On June 4, 2018, the U.S. Supreme Court reiterated to lenders everywhere, the long-time advice “Get it in writing.” The Court issued its decision in Lamar Archer & Cofrin LLP v. Appling, Case No. 16-1215 (Sup. Ct. June 4, 2018), holding that a false statement by a debtor about a single asset can be cause for holding the debt nondischargeable in bankruptcy only if the statement is in writing. Although the Bankruptcy Code makes clear that a nondischargeability finding arising from debts obtained using false statements “respecting the debtor’s … financial condition” can result only when the statements are in writing, courts were divided as to whether this included a false statement about a single asset. The Court has now made clear that a “single asset” false statement is a statement about a debtor’s overall “financial condition,” thus being grounds for nondischargeability only when any such alleged statement is in writing.

Not surprisingly, the Bankruptcy Code contains a general prohibition against consumers' discharging debts based on fraudulent or deceitful conduct. But Congress also gave consumers—even dishonest ones—a defense against nondischargeability claims, by mandating that for a creditor to pursue such a claim, any representation about “financial condition” cannot be oral, but must be in writing. The case before the Court involved just such a dishonest debtor, and the Court allowed him to escape liability because his falsehood was verbal.

The case involved a law firm client who told his lawyers that he would be receiving a large tax refund that would allow him to pay his legal bills. Based on this verbal representation, the lawyers continued working for the client. The client did receive a tax refund, but it was smaller than he represented, and the client spent the refund on his business. Nevertheless, he told his lawyers he was still waiting on his refund. The lawyers continued to work. After eventually not being able to collect their bill, the lawyers sued and obtained a judgment, but they were thwarted from collecting it because their former client filed a petition for relief under chapter 7. Because the debt was based on the client’s false claims about a single asset (the tax refund), the firm requested that the debt be declared nondischargeable as having been obtained by a false representation under Bankruptcy Code section 523(a)(2)(A), which does not require such a statement to be in writing. The client responded that the representation about the tax refund was a statement “respecting” his “financial condition,” such that under section 523(a)(2)(B), such a representation can form the basis for nondischargeability only if the statement is in writing. The Court agreed with the client-debtor.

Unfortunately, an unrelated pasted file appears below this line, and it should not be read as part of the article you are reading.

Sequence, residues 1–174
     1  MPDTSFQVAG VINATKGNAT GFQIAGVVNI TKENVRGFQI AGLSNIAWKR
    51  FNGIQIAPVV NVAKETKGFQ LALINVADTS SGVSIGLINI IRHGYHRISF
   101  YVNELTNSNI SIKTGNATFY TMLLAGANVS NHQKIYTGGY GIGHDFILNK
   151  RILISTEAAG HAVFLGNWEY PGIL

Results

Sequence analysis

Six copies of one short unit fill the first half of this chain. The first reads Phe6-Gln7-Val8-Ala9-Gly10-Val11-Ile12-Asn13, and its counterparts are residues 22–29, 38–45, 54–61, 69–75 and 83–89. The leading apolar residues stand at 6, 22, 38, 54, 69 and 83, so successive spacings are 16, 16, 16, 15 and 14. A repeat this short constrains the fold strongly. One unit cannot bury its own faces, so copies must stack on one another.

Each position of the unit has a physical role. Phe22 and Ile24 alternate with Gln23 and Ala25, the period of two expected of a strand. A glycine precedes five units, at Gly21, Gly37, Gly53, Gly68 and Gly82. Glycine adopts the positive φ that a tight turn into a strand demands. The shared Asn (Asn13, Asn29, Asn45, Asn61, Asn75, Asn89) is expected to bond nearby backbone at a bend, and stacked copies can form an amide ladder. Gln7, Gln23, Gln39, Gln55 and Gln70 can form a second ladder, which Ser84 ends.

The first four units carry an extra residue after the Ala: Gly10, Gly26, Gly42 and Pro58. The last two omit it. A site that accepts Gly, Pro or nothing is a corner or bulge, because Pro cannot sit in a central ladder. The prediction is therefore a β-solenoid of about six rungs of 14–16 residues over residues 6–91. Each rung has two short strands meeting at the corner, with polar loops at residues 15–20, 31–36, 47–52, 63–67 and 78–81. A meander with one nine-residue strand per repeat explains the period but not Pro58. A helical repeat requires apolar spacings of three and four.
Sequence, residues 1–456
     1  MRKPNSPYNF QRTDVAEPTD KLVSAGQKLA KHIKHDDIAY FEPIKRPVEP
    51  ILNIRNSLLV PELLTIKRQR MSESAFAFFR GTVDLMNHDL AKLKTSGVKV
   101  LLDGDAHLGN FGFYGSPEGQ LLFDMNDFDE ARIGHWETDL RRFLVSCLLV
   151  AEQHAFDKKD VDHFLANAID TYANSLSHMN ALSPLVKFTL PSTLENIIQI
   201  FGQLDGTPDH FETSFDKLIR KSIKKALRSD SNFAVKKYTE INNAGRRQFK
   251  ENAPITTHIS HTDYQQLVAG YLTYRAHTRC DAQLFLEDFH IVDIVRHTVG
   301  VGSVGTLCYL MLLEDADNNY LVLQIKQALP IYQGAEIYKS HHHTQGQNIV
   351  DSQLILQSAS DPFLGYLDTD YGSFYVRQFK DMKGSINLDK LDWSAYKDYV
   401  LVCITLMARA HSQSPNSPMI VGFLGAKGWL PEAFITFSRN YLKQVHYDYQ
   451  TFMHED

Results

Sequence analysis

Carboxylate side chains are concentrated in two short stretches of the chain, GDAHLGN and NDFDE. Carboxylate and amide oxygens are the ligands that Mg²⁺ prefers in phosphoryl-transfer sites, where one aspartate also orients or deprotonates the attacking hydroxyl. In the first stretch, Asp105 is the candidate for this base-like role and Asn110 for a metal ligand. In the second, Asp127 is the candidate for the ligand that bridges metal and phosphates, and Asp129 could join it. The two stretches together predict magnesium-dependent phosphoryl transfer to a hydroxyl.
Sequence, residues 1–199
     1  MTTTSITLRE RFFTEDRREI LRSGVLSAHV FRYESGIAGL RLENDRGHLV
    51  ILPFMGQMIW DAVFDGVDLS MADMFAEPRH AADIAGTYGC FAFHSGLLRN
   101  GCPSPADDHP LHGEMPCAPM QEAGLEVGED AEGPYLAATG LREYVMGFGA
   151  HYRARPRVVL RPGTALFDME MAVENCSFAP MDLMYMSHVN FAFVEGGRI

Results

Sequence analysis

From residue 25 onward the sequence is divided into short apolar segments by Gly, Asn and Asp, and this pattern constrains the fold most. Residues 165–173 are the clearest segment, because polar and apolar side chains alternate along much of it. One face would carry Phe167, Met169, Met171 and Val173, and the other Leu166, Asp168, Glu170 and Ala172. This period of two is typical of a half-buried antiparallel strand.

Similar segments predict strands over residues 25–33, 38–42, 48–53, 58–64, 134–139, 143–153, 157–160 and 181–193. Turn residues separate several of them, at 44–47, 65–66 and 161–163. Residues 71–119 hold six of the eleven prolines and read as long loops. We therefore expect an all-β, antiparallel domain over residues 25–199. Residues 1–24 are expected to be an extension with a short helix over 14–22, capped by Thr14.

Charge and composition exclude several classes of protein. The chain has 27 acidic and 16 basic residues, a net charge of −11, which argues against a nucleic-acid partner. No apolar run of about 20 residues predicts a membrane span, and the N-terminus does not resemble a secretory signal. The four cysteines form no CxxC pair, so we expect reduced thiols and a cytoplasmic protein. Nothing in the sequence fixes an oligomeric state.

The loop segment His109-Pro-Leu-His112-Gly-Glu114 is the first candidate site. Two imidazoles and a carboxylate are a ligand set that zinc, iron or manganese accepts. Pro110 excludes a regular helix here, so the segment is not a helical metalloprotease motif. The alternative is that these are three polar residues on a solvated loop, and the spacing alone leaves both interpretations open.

The Court concluded that the “statutory language makes plain that a statement about a single asset can be a ‘statement respecting the debtor’s financial condition.’” Consequently, if the statement about the single asset was only verbal, “the associated debt may be discharged, even if the statement was false.”

The Court’s decision is certainly favorable to debtors, even dishonest ones. Nevertheless, lenders and creditors are not left without recourse against such a debtor. The Court’s opinion focuses only on discharging debts arising from oral statements, not written ones. Lenders can still obtain nondischargeability rulings against dishonest debtors, as long as the misrepresentation is in writing. The Court even notes that obtaining the information in writing “will likely redound to [the creditor’s] benefit, as such writings can foster accuracy at the outset of the transaction, reduce the incidence of fraud, and facilitate the more predictable, fair, and efficient resolution of any subsequent dispute.”

The Court's decision reinforces the notion that lenders should get in writing any representation from a borrower on which the lender ever hopes to rely.